Survey shows ‘positive response’ to fire service’s plan to increase tax
- Credit: Archant
Cambridgeshire and Peterborough Fire Authority has increased its share of the council tax bill by almost two per cent – despite calls from members to rethink planned vehicle changes.
The authority’s precept for a Band D home is to set to increase by £1.26, meaning the annual cost to householders in a Band D property will rise from £65.52 to £66.78 - an increase of 1.92 per cent.
Despite the increase the fire authority’s overall annual spend will decrease from £28,447,000 to £27,987,000 – a fall of £460,000 – or about 1.6 per cent.
Appearing at a meeting of the fire authority of February 9, deputy chief executive Matthew Warren told members that the reduction would be funded from the service’s reserves.
“We have £2.6million in our reserve budget and that appears to be a healthy margin. It is not a bad position for us to be in and this stage,” said Mr Warren.
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It was also heard that due the increase in houses that the service covers it will be gaining more money from its portion of the council tax bill.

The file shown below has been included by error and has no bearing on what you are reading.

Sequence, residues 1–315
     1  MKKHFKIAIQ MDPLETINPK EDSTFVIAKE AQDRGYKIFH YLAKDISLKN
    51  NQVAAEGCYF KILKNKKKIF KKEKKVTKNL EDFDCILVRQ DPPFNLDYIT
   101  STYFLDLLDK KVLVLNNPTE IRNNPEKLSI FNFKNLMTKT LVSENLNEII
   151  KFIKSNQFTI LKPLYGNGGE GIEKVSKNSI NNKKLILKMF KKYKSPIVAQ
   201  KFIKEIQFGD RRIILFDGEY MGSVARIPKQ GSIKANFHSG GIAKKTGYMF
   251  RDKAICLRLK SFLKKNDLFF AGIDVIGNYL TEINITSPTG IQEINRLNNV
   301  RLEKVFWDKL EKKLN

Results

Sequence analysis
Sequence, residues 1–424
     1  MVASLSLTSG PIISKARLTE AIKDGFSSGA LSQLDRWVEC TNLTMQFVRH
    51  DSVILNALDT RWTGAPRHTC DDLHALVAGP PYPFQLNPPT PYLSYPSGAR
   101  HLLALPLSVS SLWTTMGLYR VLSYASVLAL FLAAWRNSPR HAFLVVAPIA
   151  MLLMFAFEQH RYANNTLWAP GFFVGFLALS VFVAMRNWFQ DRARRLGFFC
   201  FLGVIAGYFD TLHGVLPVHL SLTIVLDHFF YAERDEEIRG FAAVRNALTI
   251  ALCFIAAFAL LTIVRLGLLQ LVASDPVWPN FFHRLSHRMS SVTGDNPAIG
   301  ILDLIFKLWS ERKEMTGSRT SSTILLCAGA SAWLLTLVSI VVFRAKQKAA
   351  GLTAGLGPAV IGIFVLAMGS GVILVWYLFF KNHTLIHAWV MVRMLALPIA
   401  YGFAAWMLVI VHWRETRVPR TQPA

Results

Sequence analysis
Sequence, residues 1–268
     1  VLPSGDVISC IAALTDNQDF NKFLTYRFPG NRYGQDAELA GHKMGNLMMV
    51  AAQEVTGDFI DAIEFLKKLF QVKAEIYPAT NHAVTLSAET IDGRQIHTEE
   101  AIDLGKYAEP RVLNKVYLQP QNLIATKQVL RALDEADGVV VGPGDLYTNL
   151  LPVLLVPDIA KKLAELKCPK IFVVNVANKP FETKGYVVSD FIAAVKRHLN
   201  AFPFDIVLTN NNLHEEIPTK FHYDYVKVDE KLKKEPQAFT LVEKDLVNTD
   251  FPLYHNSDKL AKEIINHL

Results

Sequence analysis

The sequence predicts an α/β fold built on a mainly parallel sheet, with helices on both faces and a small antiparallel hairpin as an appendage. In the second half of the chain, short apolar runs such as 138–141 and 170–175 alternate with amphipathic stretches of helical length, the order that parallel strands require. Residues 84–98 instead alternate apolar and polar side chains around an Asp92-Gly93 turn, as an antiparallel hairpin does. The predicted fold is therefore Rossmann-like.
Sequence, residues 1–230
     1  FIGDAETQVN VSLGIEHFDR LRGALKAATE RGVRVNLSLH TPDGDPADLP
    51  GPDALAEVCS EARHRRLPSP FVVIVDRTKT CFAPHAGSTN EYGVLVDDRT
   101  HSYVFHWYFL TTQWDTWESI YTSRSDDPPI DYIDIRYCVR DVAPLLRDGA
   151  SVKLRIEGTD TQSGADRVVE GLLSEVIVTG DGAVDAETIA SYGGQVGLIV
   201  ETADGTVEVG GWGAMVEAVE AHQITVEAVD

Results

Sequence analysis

Although the service is in a “strong position” some members called for another look at the £1,725,000 vehicle replacement programme.
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“Last month you suggested we went out on a lot less calls – so therefore I think they [fire engines] should be made to last another two or three years rather than buy now when we are in austerity,” said Cambridgeshire County Council member, Roger Henson. In response Mr Warren explained that the life of the fire engine is only 12 years and if they weren’t replaced they could end up costing more with parts that may be needed for repairs.
The decision comes following a questionnaire issued by the service, in which 73 per cent of the 154 respondents said they were “positive and generally accepted” the rise.